New record Moments and Fragments by #Bloomerangs shows a real penchant for going beyond jazz to explore new ideas and soundscapes.
#Bloomerangs describe themselves as a musical collective exploring genres from all around the world. This description really hits the nail on the head, especially on new record Moments and Fragments. The album sees the band’s strong base of jazz deconstructed and explored through different genres and ideas that somehow manage to confront the listener, but also keep them at ease.
Home starts off the record with gentle blues-esque piano sounding like something from Norah Jones’ first record. The slow and sultry sound is then joined by drums before the rest of the instrumentation is thrown into the fray, creating strong layers that ebb and flow to create the distinct but subtle melodies. The guitar does well when it takes centre stage, taking on the role of vocals to push the track forward and develop a personality over which the music glides. A strong start.
Leap and Bounces then cranks things up a notch a fast-paced jazz sound that jumps from idea to idea, each instrument having its time to shine in the spotlight. The drums keep everything tight and together whilst also exploring hidden crevices and ideas throughout with the bass manipulating everyone at times to keep things interesting.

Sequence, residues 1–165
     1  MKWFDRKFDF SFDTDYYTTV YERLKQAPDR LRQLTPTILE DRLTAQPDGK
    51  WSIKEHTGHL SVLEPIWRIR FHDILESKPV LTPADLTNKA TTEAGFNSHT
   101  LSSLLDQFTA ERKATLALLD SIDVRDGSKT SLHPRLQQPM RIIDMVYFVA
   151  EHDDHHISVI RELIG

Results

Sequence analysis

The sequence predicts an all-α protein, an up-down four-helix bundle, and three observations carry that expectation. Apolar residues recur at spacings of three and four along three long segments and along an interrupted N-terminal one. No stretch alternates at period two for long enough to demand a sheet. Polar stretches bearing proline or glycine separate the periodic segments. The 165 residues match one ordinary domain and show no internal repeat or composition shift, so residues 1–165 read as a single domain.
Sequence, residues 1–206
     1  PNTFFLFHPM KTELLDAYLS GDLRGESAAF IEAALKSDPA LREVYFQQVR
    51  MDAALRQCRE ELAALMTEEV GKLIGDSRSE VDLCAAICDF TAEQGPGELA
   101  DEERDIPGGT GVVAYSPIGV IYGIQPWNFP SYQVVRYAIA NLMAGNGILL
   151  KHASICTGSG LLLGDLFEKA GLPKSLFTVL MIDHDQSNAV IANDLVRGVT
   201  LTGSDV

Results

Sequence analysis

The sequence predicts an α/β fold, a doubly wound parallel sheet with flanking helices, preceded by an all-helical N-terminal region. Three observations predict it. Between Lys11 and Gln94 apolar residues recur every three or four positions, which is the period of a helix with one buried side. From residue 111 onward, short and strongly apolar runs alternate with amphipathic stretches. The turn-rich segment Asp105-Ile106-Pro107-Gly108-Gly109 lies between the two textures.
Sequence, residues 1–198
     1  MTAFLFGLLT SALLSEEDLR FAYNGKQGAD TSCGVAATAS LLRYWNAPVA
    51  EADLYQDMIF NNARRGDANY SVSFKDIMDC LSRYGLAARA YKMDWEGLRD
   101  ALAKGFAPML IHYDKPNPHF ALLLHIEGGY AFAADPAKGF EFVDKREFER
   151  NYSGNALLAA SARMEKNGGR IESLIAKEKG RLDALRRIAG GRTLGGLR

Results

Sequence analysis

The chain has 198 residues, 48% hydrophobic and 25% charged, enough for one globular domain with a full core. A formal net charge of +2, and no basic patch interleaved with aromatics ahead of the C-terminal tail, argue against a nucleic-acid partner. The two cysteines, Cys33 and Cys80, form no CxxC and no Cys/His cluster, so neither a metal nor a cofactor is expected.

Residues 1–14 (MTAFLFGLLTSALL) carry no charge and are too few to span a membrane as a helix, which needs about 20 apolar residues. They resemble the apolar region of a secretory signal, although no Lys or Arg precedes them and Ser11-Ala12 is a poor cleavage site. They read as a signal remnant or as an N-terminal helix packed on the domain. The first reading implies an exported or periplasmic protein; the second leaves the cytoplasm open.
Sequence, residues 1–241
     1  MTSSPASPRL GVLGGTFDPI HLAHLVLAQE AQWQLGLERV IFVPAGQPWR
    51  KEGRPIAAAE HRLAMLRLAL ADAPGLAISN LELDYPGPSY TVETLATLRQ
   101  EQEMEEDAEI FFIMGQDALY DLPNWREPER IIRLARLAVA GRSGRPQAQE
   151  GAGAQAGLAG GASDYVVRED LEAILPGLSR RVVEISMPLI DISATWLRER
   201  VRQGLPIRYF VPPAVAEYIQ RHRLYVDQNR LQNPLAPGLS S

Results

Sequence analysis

As always, jazz is about inventiveness and thinking on your feet. Throughout the record, you can almost hear the musicians fighting for the front seat, but also happy to sit back and let others shine when necessary. Catch A Clue is vibrant in its odd time signatures with the piano riff forming the foremost vocal point where everything else is built around, whereas After the Fact relies on a solid base and energetic waves of instrumentation to allow the track to grow in stature throughout.
As we move into the deeper cuts, it feels the record opens up a little and a few more ideas and atmospheres can be tried and tested. Change of Pace almost borrows from indie rock as electric guitar whales in an almost doom-laden track that opens the mind to the possibilities and directions this band are willing to go in. Mind Your F then calms you down as gentle harmonics and bells lead to a strange serenity that has not yet been experienced on the record. The album finishes on That Sums It Up which is pretty accurate to its namesake. Managing to pull in a plethora of ideas from throughout the record, it’s an intense ending that batters and bruises its way forward against more strong ideas leaving you little time to breathe or take in what’s unfurling in front of you.
Moments and Fragments is not just about jazz, but the constant borrowing and restructuring from other genres and ideas. It’s a glance into what jazz can do and what it can become when the past sound is not just relied on, but updated with an intriguing ability to listen to what’s around you and adapt it to grow by itself. A really interesting record that’s bound to appeal to more than jazz connoisseurs.